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An F-space sampler. (English) Zbl 0556.46002
London Mathematical Society Lecture Note Series, 89. Cambridge etc.: Cambridge University Press. XII, 240 p. £15.00; $ 24.50 (1984).
In this interesting book, the authors collect some important aspects of the modern theory of F-spaces, i.e. complete metric topological vector spaces, and, in contrast to most books on functional analysis, the text concentrates on the study of the non-locally convex (non-l.c.) spaces in this class. The classical examples are \(\ell_ p\), \(L_ p\) (on [0,1]), and the Hardy spaces \(H^ p\) on the unit disk, for \(0<p<1\), as well as \(L_ 0(\mu)\), the space of all (equivalence classes of) measurable functions on the finite measure space (\(\Omega\),\(\Sigma\),\(\mu)\), equipped with the F-norm \[ \| f\|_ 0=\int \quad \frac{| f(x)|}{1+| f(x)|}\quad d\mu (x) \] (inducing the topology of convergence in measure). After some preliminaries, the book begins with a discussion of these concrete examples before going on to general results and important counterexamples. Throughout the text, the classical spaces play a prominent role, and some parts of the book develop their structure theory as compared with the theory of the corresponding Banach spaces \(\ell_ p\), \(L_ p\), and \(H^ p\) for \(1\leq p\leq \infty.\)
In the case of non-l.c. F-spaces X, duality theory breaks down due to the lack of the Hahn-Banach theorem, and a number of new phenomena appear which the authors study in detail: There may be proper closed weakly dense (PCWD) subspaces of X, and, in fact, whenever X has trivial dual or whenever X is a non-l.c. separable F-space with separating dual, then X always contains a PCWD subspace. Also, an F-space with Hahn-Banach extension property (HBEP) must be locally convex. Next, there even exist rigid spaces X, i.e. quasi-Banach spaces whose algebra of (continuous linear) endomorphisms reduces simply to multiples of the identity operator. (Actually, there is a continuum of non-isomorphic rigid subspaces of \(L_ p\) when \(0\leq p<1.)\) On the other hand, an F-space X may well have trivial dual, but admit non-zero compact endomorphisms. The important idea of transitivity is related to these results: An F-space X is said to be transitive if, for x,y\(\in X\) with \(x\neq 0\), there always exists an endomorphism T of X with \(Tx=y\). The spaces \(L_ p\) \((0<p<1)\) are transitive, and for transitive quasi-Banach spaces with trivial dual there are no non-zero strictly singular (and hence no non-zero compact) endomorphisms. Finally, \(L_ p\) \((0\leq p<1)\) contains compact convex sets with no extreme points (so that the Krein-Milman theorem fails badly).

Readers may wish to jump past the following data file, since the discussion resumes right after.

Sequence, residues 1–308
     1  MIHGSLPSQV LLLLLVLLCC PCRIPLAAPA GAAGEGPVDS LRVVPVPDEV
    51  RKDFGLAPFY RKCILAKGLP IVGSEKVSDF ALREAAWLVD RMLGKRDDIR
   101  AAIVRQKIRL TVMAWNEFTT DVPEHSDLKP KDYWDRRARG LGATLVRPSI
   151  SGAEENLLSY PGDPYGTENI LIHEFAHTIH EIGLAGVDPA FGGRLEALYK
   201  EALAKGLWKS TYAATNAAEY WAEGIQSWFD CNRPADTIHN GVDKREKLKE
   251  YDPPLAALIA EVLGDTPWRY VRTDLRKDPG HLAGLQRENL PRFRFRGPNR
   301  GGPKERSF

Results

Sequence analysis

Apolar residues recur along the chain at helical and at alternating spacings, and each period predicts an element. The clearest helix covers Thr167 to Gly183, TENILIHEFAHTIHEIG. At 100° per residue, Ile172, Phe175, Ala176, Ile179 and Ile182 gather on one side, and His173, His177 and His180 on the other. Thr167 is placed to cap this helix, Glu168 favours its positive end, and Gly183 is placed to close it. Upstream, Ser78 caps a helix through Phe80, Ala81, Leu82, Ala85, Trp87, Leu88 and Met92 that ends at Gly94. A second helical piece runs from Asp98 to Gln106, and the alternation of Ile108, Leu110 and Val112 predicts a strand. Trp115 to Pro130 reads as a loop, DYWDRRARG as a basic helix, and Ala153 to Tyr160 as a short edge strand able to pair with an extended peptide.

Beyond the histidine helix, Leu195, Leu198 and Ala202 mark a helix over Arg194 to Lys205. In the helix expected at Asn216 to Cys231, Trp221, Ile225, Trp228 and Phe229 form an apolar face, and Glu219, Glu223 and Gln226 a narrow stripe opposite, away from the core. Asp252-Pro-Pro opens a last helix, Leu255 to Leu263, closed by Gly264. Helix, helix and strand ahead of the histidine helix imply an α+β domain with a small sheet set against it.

There are a number of other interesting topics which the authors treat, among them three space problems and the notion of K-space as well as its relation to lifting theorems for operators: An F-space X is a K-space if, whenever Y is an F-space and L is a subspace of Y with dimension one such that Y/L is isomorphic to X, then L is complemented in Y. X is a K-space if and only if, whenever Y is an F-space and \(E\subset Y\) is a finite dimensional subspace of Y, then any (continuous linear) operator \(T:X\to Y/E\) can be lifted to an operator \(\tilde T:X\to Y.\) E.g., \(\ell_ p\) and \(L_ p\) are K-spaces provided \(0<p<\infty\) and \(p\neq 1\); also, \(L_ 0\) is a K-space, but \(\ell_ 1\) is not!
Since the book contains a wealth of material, it is impossible to discuss all of it here. Many of the results are due to the authors, and most are (closely) related to their own work, but we should also mention the names of Klee, Duren-Romberg-Shields, Stiles, J. H. Shapiro, Pallaschke, Waelbroeck, Turpin, s. Dierolf, Ribe and Drewnowski (plus some of the people known from Banach space theory such as Pełczyński, Kwapień and Pisier).